The recital will include Poulenc’s Sonata, a piece that combines wit, imagination, and a touch of satire. It’s a fascinating work that promises to surprise and engage the audience.

Playing music like this means I never stop evolving as a violinist because I’m constantly being challenged. It’s a huge motivation and the biggest and strongest way to grow – to be constantly challenged by the music and by your peers – it’s a beautiful human evolution as well as musical. It’s essential for the well-being of a person. I could not live without music and I could not have done all of this without YCAT.

YCAT is not just an agency, a name, or a frame. You really have people on your team, on your side. It’s such a wonderful charity because they’re not there to ensure you the most prestigious gig or take the one that’s going to bring in the most money, but rather to make sure what you do is the right fit and will eventually lead to more growth for you as an artist, and that’s invaluable in this industry.

Watch the performance

Charlotte and Joseph’s Wigmore Hall Lunchtime Concert is on Tuesday, 9 April

Visit @wigmore-hall.co.uk to book YCAT concert tickets

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Wigmore Hall Lunchtime Concerts have been central to YCAT from its formation almost 40 years ago. It’s the international shop window where the artists want to be seen; the best stage in the world to showcase young artists, and it means more to them than playing anywhere else.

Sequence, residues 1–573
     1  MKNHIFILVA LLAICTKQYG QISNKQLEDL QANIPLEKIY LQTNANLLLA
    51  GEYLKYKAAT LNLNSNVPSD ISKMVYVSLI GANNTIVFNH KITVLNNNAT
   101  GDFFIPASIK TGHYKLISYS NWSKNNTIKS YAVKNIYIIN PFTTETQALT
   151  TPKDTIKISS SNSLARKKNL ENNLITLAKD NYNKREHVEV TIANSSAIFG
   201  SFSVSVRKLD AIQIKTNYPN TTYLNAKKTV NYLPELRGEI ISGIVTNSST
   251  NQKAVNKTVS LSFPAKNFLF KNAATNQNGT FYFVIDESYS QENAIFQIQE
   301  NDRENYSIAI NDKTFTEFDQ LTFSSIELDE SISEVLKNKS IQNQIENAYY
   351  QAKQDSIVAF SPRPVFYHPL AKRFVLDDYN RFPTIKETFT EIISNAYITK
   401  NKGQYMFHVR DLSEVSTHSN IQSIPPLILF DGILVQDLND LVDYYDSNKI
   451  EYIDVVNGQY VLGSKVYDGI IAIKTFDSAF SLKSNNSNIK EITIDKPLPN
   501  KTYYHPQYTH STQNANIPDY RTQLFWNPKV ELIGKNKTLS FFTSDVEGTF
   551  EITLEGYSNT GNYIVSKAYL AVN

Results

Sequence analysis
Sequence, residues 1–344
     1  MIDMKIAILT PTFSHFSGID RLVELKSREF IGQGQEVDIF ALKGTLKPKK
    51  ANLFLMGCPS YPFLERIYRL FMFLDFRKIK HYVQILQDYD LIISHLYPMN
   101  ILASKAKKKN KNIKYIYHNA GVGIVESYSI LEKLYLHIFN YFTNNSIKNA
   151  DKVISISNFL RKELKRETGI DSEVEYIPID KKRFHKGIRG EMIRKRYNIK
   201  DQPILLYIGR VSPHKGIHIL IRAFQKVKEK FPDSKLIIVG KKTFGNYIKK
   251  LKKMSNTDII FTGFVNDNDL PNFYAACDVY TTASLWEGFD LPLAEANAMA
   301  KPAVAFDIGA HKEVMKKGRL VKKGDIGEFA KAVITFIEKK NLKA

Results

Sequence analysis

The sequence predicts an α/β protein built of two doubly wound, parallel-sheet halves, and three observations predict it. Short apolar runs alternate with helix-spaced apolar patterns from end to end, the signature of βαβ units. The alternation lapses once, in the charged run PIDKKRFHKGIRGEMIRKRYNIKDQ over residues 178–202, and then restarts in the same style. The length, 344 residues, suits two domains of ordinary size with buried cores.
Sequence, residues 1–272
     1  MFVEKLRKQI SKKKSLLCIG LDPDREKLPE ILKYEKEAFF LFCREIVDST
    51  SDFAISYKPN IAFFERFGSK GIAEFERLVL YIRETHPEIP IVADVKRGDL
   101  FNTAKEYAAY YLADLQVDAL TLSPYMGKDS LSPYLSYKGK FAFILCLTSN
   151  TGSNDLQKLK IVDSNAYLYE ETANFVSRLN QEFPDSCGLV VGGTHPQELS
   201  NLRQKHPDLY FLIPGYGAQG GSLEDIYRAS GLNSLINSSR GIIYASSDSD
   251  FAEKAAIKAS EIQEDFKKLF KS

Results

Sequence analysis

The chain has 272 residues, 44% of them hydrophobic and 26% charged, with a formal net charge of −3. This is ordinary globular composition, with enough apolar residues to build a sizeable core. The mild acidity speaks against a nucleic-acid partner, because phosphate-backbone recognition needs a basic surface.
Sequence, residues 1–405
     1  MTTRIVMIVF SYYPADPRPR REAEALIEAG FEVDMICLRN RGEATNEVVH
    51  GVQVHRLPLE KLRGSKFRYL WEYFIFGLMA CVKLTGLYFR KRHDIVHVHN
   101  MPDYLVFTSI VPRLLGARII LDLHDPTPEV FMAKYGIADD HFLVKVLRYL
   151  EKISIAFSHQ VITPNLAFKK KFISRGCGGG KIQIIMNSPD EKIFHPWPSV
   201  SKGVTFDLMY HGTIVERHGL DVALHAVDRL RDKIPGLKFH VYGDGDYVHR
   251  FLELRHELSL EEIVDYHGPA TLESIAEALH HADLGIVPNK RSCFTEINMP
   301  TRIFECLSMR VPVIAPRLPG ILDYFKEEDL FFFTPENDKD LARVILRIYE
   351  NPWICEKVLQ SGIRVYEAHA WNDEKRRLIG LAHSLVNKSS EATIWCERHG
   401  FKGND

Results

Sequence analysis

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Charlotte Saluste-Bridoux

In 2021 Charlotte was a prize-winner in the inaugural Young Classical Artists Trust (London) and Concert Artists Guild (New York) 2021 International Auditions. Nominated as a 2022 Rising Star Artist by Classic FM, last season Charlotte made her debut with the Bournemouth Symphony Orchestra and CBSO Youth Orchestra. She returned to Wigmore Hall as a soloist and to the Trondheim Chamber Music Festival where, with her as leader of the Quatuor Confluence, they won First Prize in the Competition in 2021.

In 2022 Champs Hill Records released her debut solo album Ostinata to critical acclaim, with Gramophone describing her as “an artist with something of her own to say, and something worth hearing” and The Strad praising the “lyrical flow and tonal beauty”. Over the last year Charlotte has given recitals and performed concertos across the UK including with the Suffolk Philharmonic Orchestra and the Ryedale, and with the Lake District Summer Music and the Brighton and King’s Lynn Festivals.

Charlotte’s recent ensemble highlights include appearances at Wigmore Hall, at the BBC Proms with the dynamic 12 Ensemble, and a performance of the Franck Piano Quintet at the Gstaadt Festival. She’s taken part in Open Chamber Music at IMS Prussia Cove, the East Neuk, Santander Encuentro, Musethica, Stift, and Evian Festivals, and is in-residence at the Fondation Singer-Polignac in Paris with Quatuor Confluence.

Charlotte enjoys playing a broad repertoire, including more rarely heard solo concertos by Panufnik, Vasks, and Joachim –the latter of which she’s performed, alongside Bernstein’s Serenade, with the Budapest Concerto Orchestra, conducted by András Keller.

Charlotte completed her master’s degree at London’s Royal College of Music with Alina Ibragimova. She’s currently playing on a Giovanni Battista Rogeri, loaned to her by the Swiss Foundation Boubo-Music.